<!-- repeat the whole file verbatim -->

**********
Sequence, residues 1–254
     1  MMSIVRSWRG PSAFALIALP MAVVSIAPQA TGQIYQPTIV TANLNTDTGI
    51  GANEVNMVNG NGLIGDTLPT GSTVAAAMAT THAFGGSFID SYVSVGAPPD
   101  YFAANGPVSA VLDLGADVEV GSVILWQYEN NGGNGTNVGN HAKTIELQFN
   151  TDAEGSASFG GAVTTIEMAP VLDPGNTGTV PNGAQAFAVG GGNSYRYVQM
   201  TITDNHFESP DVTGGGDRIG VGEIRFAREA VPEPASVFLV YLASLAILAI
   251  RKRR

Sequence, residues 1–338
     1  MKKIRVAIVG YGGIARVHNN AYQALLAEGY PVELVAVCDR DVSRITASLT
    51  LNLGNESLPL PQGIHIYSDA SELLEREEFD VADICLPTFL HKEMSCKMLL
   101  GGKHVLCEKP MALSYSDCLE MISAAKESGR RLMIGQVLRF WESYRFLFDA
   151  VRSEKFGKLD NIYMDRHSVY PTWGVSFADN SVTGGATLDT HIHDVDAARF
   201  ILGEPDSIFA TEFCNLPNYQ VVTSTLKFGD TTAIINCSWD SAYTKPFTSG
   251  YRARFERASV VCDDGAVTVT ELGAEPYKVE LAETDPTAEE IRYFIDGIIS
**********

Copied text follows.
Sequence, residues 1–254
     1  MMSIVRSWRG PSAFALIALP MAVVSIAPQA TGQIYQPTIV TANLNTDTGI
    51  GANEVNMVNG NGLIGDTLPT GSTVAAAMAT THAFGGSFID SYVSVGAPPD
   101  YFAANGPVSA VLDLGADVEV GSVILWQYEN NGGNGTNVGN HAKTIELQFN
   151  TDAEGSASFG GAVTTIEMAP VLDPGNTGTV PNGAQAFAVG GGNSYRYVQM
   201  TITDNHFESP DVTGGGDRIG VGEIRFAREA VPEPASVFLV YLASLAILAI
   251  RKRR

Sequence, residues 1–338
     1  MKKIRVAIVG YGGIARVHNN AYQALLAEGY PVELVAVCDR DVSRITASLT
    51  LNLGNESLPL PQGIHIYSDA SELLEREEFD VADICLPTFL HKEMSCKMLL
   101  GGKHVLCEKP MALSYSDCLE MISAAKESGR RLMIGQVLRF WESYRFLFDA
   151  VRSEKFGKLD NIYMDRHSVY PTWGVSFADN SVTGGATLDT HIHDVDAARF
   201  ILGEPDSIFA TEFCNLPNYQ VVTSTLKFGD TTAIINCSWD SAYTKPFTSG
   251  YRARFERASV VCDDGAVTVT ELGAEPYKVE LAETDPTAEE IRYFIDGIIS